Your child’s immune system works around the clock to keep them healthy in a world full of bacteria, viruses, fungi, and other micro-organisms that can potentially cause serious illness. We discuss innate and adaptive immune systems, their importance, and how they work together in keeping you and your children healthy.
Key words: Kids Intelligent, IQShield, brain development, nerve development, child development, nutrition for children, child health
Your child’s immune system works around the clock to keep them healthy in a world full of bacteria, viruses, fungi, and other micro-organisms that can potentially cause serious illness. Every day, our immune system fights off these invaders, through the interaction of many cells guided by many chemical messengers.
The immune system is divided into two parts - the innate and the adaptive immune systems. The innate (sometimes called natural) immunity is what we are born with, including our skin which prevents a large majority of germs from entering out body, and makes up the environment in and around the various openings in and around our bodies, such as our mouths and noses, which are protected by secretions containing antibodies, anti-microbial agents, and other important cells (phagocytes, natural killer cells) that are capable of killing microbes. The innate immune system is always at work and constantly protecting us.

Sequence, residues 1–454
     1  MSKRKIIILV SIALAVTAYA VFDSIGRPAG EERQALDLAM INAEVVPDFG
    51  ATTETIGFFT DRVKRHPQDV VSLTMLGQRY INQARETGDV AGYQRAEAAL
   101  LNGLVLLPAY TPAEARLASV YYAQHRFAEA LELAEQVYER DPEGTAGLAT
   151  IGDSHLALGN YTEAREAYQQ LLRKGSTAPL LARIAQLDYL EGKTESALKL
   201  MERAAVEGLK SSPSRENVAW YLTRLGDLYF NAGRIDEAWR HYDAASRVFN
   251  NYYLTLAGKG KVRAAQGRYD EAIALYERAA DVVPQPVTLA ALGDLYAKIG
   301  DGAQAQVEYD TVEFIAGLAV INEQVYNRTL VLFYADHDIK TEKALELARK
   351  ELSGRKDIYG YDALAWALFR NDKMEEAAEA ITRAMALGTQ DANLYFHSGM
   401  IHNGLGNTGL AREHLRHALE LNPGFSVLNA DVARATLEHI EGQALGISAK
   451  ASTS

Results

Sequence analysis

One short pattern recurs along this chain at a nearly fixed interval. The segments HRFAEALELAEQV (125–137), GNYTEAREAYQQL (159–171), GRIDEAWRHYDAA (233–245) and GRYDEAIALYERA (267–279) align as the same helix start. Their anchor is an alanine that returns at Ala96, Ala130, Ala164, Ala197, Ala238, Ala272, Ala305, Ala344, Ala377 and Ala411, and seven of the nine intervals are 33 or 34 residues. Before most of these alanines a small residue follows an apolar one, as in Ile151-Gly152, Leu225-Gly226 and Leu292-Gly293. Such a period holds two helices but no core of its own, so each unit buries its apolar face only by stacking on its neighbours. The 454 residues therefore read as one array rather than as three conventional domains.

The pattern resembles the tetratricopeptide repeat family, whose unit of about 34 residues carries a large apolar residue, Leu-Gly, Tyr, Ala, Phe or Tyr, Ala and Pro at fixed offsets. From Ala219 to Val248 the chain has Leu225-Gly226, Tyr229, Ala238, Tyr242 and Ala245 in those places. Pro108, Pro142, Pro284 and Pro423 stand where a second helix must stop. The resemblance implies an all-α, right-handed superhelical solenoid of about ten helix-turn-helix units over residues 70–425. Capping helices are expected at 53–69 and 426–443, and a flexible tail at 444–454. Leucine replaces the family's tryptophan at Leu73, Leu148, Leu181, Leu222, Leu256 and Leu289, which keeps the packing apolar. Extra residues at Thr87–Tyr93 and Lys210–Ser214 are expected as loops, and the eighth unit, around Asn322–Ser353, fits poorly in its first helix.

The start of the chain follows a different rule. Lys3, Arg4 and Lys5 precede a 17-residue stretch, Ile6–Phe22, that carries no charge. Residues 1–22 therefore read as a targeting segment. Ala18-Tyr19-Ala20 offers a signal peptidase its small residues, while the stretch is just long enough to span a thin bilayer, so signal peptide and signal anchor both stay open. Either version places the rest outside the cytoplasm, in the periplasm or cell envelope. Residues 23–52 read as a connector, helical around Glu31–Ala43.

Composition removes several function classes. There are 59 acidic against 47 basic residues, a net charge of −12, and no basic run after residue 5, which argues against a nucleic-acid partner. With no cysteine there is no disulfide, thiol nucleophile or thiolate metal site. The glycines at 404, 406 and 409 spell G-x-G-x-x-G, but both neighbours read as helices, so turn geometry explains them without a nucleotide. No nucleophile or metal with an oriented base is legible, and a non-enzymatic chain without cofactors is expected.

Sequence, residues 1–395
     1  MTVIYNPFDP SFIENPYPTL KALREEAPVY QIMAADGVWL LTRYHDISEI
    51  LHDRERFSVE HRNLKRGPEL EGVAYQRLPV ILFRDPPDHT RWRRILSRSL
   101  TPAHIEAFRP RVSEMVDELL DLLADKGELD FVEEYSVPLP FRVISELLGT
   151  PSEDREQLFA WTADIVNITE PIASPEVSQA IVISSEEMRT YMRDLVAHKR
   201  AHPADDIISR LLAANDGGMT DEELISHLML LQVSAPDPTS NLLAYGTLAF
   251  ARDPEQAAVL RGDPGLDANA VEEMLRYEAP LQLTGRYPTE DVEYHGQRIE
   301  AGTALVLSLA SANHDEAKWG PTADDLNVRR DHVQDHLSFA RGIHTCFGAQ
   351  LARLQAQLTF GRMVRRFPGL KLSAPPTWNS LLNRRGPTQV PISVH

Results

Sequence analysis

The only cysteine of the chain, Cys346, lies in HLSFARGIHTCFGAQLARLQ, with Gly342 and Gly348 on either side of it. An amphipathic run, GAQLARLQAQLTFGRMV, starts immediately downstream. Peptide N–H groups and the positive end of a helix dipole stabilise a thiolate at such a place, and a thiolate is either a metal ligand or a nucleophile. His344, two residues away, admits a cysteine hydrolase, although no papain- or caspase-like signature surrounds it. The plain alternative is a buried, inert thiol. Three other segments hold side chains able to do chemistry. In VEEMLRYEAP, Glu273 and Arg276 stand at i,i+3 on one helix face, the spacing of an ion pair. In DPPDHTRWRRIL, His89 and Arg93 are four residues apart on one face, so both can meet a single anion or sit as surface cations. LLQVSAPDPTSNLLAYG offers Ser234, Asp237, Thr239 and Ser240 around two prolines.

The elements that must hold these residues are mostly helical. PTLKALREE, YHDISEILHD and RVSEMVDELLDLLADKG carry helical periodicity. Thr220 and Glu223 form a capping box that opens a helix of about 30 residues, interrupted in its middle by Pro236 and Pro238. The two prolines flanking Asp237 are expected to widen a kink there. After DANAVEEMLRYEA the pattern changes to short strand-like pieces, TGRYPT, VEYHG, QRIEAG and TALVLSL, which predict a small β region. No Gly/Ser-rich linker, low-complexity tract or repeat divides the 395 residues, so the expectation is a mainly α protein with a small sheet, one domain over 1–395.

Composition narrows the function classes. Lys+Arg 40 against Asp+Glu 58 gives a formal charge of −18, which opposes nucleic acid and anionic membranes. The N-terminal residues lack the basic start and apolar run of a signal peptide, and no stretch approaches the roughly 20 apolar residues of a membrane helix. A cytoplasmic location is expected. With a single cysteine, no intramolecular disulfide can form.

The adaptive immune system, consists of the spleen, thymus gland, bone marrow, and various lymph nodes around our body. These structures produce important T and B cells (lymphocytes). T and B cells both circulate in the blood and lymph and act as foreign invader surveillance and “ramp up” in number when an infection occurs. B cells respond to infection by producing antibodies that prevent unwanted invaders from spreading to other parts of our body, neutralising toxins released by bacteria. There are many types of T cells, and depending on cell type, T cells may directly destroy pathogens, or assist B cells, with the ability destroy any virus-infected cells and attracting other components of the immune system to help where required.
These actions are controlled by chemical messengers known as eicosanoids and cytokines. Eicosanoids are a group of polyunsaturated fats made from the cell membrane fats as needed, while cytokines consist of small proteins. Together the eicosanoids and cytokines control a myriad of immune functions such as:
• Immune cell development and maturation
• Immune cell activation
• Guiding immune cells to travel to the site of infection
• Detecting and killing invading microbes
• Blood clotting
• Blood flow
• Wikipedia, Immune system. http://en.wikipedia.org/wiki/Immune_system
• Wikipedia. Eicosanoid. http://en.wikipedia.org/wiki/Eicosanoid
• Wikipedia. Cytokine. http://en.wikipedia.org/wiki/Cytokine
• Wikipedia, Eye. http://en.wikipedia.org/wiki/Eye